Conceding that free and fair elections are impossible after a campaign laden with fear and violence, Cambodian watchdog groups today fell in line behind foreign observers who said they would judge the polls by a lower standard.
Cambodian election officials, meanwhile, said they would bar two groups with close links to strongman Hun Sen from deploying an estimated 40,000 observers at polling stations. Many feared the observers would influence the result of the vote.Campaigning for the parliamentary elections ended Friday, and Saturday was a cooling off period before the 5.4 million registered voters cast ballots Sunday for the first time since the United Nations organized polls in 1993 under the protection of 20,000 peacekeepers.
This time, Cambodia is organizing the polls and the United Nations has been invited only to coordinate 678 foreign observers from 40 countries and regional groupings. They will, however, be unable to monitor all 11,600 polling stations.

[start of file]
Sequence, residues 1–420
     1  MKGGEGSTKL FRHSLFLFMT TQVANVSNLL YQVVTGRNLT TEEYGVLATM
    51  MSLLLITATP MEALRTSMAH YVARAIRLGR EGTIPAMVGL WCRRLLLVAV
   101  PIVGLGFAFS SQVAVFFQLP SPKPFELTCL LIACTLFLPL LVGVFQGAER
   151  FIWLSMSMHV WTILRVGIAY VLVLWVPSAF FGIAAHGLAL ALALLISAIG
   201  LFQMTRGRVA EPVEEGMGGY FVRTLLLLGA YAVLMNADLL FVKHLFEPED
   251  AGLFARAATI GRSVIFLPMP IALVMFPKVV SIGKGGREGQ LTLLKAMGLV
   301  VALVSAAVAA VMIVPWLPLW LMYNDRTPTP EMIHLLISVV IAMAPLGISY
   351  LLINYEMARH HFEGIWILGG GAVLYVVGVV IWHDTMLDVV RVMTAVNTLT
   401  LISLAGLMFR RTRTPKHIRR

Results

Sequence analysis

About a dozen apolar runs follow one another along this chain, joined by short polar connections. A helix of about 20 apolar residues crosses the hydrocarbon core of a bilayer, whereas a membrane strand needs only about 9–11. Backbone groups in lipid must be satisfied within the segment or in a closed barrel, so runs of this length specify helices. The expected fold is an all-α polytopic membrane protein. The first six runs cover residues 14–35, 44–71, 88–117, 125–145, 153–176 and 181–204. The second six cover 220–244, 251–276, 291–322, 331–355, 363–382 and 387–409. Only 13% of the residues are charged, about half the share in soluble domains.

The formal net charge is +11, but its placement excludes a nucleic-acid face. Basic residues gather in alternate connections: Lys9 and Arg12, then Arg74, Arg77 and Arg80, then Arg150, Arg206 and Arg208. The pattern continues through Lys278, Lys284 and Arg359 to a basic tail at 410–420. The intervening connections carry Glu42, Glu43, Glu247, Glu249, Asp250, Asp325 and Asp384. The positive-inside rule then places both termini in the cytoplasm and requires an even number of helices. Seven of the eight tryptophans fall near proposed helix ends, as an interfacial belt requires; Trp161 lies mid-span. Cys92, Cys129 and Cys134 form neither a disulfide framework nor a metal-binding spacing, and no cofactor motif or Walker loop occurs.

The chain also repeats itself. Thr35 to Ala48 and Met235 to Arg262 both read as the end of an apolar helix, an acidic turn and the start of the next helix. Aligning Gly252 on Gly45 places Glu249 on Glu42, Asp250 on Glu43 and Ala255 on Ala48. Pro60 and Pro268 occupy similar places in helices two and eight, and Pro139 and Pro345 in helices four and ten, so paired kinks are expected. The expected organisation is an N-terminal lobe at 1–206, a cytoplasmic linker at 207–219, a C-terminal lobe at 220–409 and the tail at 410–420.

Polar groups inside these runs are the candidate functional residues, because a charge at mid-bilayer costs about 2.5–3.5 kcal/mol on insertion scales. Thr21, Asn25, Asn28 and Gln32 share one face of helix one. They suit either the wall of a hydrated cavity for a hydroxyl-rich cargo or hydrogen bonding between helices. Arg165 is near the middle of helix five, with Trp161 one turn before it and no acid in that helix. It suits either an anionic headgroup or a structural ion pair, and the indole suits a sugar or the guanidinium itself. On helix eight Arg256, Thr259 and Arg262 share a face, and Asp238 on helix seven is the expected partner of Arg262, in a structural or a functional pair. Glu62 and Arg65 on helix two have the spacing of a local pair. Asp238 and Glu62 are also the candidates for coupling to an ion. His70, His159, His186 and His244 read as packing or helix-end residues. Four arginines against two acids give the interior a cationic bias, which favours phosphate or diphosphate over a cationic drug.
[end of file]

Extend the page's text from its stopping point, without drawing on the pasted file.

The vote had been called by Hun Sen, who is seeking to restore international legitimacy and aid after deposing his co-premier, Prince Norodom Ranariddh, in a bloody coup last year that shattered the coalition established after the U.N.-sponsored balloting.
Ranariddh and former Finance Minister Sam Rainsy are the main challengers. They believe Hun Sen will rig the vote or the counting in favor of his Cambodian People's Party. Many Cambodians fear Hun Sen will call out the army if he falls short in the vote.